It was time once again to revisit a ground for a Wycombe away game. At the start of the season, Scunthorpe would have been pretty high on my list, having only been there once back in 2004. It was not the most attractive of away days, like Wycombe it was a long way from the town, a town which was very limited in terms of decent pubs. I was hoping that the Independent Supporters club would pull a decent stop out of the hat and as it was, they did OK, even if the drinks range looked a little limited and the food decent, albeit more expensive than I was used to paying. One thing that was unattractive was Wycombe’s form and had I not booked the coach and procured a ticket, I’d be giving it a miss.  We’d been absolutely dire in the previous two games, deservedly losing to AFC Wimbledon and Burton Albion. I’d much rather be groundhopping and will be glad of a break from watching Wycombe after our New Years Day game at home to Coventry. I’d had a good night on Friday with family being around and having a good catchup over a few drinks. The morning of the game came and I awoke at 6 after a patchy night’s sleep. It gave me time to catch up with things and start researching Scunthorpe United’s history, something that I’d been too busy to do previously. I left home at 7.50, catching the minibus at 8. Unusually we had extra passengers on at my stop, with fellow Wycombe fans Barbara and the two Daves making the journey. We were soon on our way but the coach driver cocked up and forgot to pick up at the second Wycombe stop, meaning that we had to wait at the side of the road and make the passengers walk for 15 minutes to avoid a half hour detour up to the next motorway junction and back.



There were a paltry 13 people on the coach, understandable at this time of the year, especially given recent performances. We were on a minibus which was quicker than the coach but lacked USB charging ports. We got to the pub bang on midday. It was in a nice location on the banks of the river Trent and although the cider selection was nothing special, the food was great. I’d wanted to try wood pigeon for a while and was delighted that it was on the menu in the pie. I also had treacle pudding for dessert. All was very tasty and came in at not much more than £20 including 4 pints. Suitably filed, we left at 2 and made our way to the ground. Half an hour later, we were there. I got some pictures of the outside of the ground before joining Anwar for the game. We started fairly brightly against a side that was on a stinking run of form, hadn’t scored in 8 hours and hadn’t kept a clean sheet in 18 games. But a terrible mistake from keeper Ryan Allsop who allowed a weak shot to squirm through his legs gave Scunthorpe the lead. We couldn’t even get the basics right, free kicks and corners ended up in the stand or being intercepted by the first man. We improved in the second half but ran out of ideas which made for a frustrating afternoon. We were actually the better team and It wasn’t as bad as the previous two games and ref didn’t help, but it means another long journey home and downbeat feeling for the week. We were quite late leaving, not getting away from the ground until around 5.30. It was a fairly decent journey home, a brief stop at a random services was had but we'd dropped everyone off and I was back home at 9. The rest of the evening was spent uploading this blog before Match Of The Day started at 10:20. It had been a fairly enjoyable day despite the result and it was nice to revisit what was to be fair, a pretty unique stadium.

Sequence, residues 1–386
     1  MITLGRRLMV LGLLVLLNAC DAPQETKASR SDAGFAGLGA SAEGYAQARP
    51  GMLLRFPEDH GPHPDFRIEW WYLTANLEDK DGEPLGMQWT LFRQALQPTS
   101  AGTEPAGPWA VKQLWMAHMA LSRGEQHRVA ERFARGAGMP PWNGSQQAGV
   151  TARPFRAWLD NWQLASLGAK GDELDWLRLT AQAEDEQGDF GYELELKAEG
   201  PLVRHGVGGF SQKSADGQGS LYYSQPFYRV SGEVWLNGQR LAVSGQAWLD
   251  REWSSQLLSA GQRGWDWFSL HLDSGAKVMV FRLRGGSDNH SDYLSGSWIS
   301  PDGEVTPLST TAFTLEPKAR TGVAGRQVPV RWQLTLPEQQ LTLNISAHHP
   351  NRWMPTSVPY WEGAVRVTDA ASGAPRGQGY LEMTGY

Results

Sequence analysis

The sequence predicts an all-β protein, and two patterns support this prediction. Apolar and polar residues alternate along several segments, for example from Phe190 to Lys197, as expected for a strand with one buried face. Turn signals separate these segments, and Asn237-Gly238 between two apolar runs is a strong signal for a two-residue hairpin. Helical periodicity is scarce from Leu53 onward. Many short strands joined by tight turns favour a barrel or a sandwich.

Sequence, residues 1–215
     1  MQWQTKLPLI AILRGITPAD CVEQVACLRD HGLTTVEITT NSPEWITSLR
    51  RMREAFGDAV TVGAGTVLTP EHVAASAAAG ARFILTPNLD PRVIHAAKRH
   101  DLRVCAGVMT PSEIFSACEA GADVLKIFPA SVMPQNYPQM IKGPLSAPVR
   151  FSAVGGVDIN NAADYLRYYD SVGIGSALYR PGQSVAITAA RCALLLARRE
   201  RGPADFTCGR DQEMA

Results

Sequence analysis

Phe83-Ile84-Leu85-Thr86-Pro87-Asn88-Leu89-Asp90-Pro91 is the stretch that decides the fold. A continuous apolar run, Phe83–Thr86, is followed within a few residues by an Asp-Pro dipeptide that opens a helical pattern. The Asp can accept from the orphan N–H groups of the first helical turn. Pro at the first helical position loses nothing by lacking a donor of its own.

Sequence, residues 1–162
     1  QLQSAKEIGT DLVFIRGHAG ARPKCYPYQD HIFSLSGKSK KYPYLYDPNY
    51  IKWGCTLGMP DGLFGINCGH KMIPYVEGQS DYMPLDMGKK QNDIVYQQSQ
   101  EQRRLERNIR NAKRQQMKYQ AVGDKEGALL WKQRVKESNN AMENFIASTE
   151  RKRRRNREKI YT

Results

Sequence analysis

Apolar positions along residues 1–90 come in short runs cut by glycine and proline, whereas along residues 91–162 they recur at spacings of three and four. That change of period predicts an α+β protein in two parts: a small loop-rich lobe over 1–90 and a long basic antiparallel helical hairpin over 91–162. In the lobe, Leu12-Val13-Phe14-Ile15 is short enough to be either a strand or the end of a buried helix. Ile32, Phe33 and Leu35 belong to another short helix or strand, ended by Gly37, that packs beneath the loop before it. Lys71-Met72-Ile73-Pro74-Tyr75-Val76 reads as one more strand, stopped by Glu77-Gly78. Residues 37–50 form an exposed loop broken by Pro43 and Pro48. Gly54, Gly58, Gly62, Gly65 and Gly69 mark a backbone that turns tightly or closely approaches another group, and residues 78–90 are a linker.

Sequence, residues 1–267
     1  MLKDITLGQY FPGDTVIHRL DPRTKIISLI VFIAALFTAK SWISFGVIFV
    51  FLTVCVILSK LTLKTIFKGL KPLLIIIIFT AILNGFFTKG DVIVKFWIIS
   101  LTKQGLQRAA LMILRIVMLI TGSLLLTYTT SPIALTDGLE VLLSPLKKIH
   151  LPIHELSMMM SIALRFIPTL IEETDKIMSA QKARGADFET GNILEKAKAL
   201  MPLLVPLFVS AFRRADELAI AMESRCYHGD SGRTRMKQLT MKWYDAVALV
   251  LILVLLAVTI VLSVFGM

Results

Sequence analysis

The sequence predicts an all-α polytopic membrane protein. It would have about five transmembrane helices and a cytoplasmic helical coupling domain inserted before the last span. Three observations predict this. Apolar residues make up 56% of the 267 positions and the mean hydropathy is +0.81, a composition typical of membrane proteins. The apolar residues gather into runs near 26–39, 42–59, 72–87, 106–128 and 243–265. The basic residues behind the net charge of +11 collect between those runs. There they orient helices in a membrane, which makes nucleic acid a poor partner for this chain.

THE GROUND

GLANFORD PARK was the first of a new breed of out of town grounds. Built in 1988, it was the first new ground since Southend United moved to Roots Hall some 33 years previously. As a result, it makes errors that others learned from. The stands are all of the same height and joined together - though in a boxy shape rather than the new-style bowl shape. There are also supporting pillars, but unless you are unlucky, they don't ruin the view too much. The ground has a capacity of 9.088, with just over 1600 given over to away fans. The ground is three side seats, plus a home terrace. There is a supporters club at the ground which lets in away fans, plus a few pubs. Food-wise, there's a KFC, a McDonald's and a Frankie and Bennies on the nearby retail park, which also has a Tesco.